Learning to Predict

by Pedro Oliveira, 27 April 2017 · 4 minute read

We’re adding machine learning to Stardog to make your Knowledge Graph even smarter.

Machine Learning in Stardog

The thing about an enterprise knowledge graph is that it should know stuff. And knowing stuff is a lot like learning stuff. People who know and learn stuff are good. Machines that know and learn stuff aren’t better, but they’re tireless and never take holiday.

So we’re adding machine learning to Stardog. That is, we’re adding statistical inference to the logical inference Stardog already performs.

The Return of Neptune, John Singleton Copley

The Return of Neptune, John Singleton Copley

Our initial focus is predictive analytics: the ability to predict nodes and edges in a knowledge graph. So you’ll be able to use Stardog to extract patterns from your data and make intelligent predictions based on those patterns.

In this blog post we give an overview of how to use the upcoming predictive capabilities of Stardog. We’ll describe how to build a model and how to use it for prediction.

Training a Model

Before Stardog can perform predictions, we need to define what are we actually trying to predict. This task is called “model training”. You provide data and a target, and Stardog learns a model that can be used to predict the value of the target given some other, probably unseen, data. Let’s look at an example in which we train a model to predict the genre of a film given its director, studio, and year.

prefix spa: <tag:stardog:api:analytics:>
    
INSERT {
   graph spa:model {
       :myModel  a spa:ClassificationModel ;
                 spa:arguments (?director ?year ?studio) ;
                 spa:predict ?genre .
      }
    }
WHERE {
   ?movie :directedBy ?director ;
          :year ?year ;
          :studio ?studio ;
          :genre ?genre .
}

Training a model can be naturally expressed in SPARQL using an INSERT. The WHERE clause selects the data we are interested in, and a special graph, spa:model, is used to specify the parameters of the training.

Courtesy of Eli Christman

Courtesy of Eli Christman

In this example, we are training a new model, :myModel, which will be used for classification. We currently support binary classification, multi-class classification, and regression. Our model will be trained to predict the value of ?genre based on the values of ?director , ?year, and ?studio .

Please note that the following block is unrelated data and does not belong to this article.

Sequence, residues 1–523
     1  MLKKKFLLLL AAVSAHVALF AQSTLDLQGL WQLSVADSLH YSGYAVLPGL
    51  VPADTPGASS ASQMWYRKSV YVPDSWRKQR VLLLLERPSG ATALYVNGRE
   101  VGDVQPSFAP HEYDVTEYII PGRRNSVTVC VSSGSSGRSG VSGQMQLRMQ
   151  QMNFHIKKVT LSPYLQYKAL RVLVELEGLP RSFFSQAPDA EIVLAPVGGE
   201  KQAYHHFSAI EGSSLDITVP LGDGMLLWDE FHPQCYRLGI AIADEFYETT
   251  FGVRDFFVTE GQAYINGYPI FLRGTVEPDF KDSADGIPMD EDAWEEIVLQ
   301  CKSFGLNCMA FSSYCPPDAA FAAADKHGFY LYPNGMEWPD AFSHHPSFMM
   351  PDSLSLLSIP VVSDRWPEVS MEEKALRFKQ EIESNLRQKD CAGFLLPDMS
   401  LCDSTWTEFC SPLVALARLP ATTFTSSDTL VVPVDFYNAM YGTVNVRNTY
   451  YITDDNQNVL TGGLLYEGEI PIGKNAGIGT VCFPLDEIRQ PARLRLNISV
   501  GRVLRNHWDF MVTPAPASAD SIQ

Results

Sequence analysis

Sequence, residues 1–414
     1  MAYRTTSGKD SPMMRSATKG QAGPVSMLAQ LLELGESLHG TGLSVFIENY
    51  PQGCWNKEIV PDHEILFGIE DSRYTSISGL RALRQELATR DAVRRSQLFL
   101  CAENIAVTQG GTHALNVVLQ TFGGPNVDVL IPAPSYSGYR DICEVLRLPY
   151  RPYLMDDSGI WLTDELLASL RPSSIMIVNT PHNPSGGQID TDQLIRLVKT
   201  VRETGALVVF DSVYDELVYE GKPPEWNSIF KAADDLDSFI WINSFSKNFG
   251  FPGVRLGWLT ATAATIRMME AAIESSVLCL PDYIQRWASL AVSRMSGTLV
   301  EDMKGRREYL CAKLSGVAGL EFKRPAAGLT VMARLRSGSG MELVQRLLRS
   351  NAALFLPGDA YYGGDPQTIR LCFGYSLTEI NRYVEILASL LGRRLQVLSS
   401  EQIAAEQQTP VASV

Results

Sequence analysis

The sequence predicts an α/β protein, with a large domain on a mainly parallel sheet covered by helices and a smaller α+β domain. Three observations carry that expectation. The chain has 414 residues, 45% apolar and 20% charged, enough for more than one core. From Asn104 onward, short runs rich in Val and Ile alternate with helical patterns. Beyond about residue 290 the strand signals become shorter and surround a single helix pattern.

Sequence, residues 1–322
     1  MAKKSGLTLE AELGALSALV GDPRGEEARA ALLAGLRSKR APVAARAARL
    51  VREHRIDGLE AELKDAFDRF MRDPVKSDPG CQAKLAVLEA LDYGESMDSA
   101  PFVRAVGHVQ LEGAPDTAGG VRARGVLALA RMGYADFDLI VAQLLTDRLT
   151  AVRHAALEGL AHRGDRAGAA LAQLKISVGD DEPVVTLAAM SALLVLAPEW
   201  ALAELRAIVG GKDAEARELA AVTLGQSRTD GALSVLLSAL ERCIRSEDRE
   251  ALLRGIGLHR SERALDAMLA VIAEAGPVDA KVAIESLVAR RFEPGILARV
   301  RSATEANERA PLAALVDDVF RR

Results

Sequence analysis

Making predictions

Now that we have trained a model, we are ready to use it for prediction as part of query answering.

prefix spa: <tag:stardog:api:analytics:>
    
SELECT * WHERE {
  graph spa:model {
      :myModel  spa:arguments (?director ?year ?studio) ;
                spa:predict ?predictedGenre .
  }
      
  :TheGodfather :directedBy ?director ;
          :year ?year ;
          :studio ?studio ;
          :genre ?originalGenre .
}

We select a movie’s properties and use them as arguments to the model Stardog previously learned. The magic comes with the ?predictedGenre variable; its value is not going to come from the data itself, but will instead be predicted by the model, based on the values of the arguments. But query answering proceeds as if the predicted value were present in the graph.

The result of the query will look like this:

| director            | year | studio             | originalGenre | predictedGenre |
| ------------------- | ---- | ------------------ | ------------- | -------------- |
| :FrancisFordCoppola | 1972 | :ParamountPictures | Drama         | Drama          |

If the predicted values are constantly the same as the original ones, you’re on the right path for having good predictions. Your model has a high accuracy, and you can now focus on making its results more general.

Rabbit, Mitsuhiro Ōhara

Rabbit, Mitsuhiro Ōhara

Increasing Expressivity

A SELECT returns tabular data, which limits the expressivity of model training with high-relational data. We are extending SPARQL solutions to include arrays, which can very nicely represent multi-valued arguments, such as all actors in a movie:

prefix spa: <tag:stardog:api:analytics:>
    
INSERT {
  graph spa:model {
      :myNewModel  a spa:ClassificationModel ;
                   spa:arguments (?director ?actors) ;
                   spa:predict ?genre .
  }
}
WHERE {
  select ?director ?genre (array(?actor) as ?actors) {
      ?movie :directedBy ?director ;
             :actors ?actor ;
             :genre ?genre .
  } group by ?director ?genre
}

What’s next

We are expecting the first release of predictive analytics to be available this summer. Right now we are working with Vowpal Wabbit, an extremely efficient and scalable machine learning library, so expect more features to be available at release time. We’re also looking at link mining, inductive logic programming, similarity learning, and natural language processing, too.

Knowledge graphs know stuff; your enterprise knowledge graph should know stuff about your enterprise. And it should learn more stuff from the stuff that it already knows. That’s where we’re headed. Stay tuned!

Download Stardog today to start your free 30-day evaluation.

Pedro Oliveira

27 April 2017

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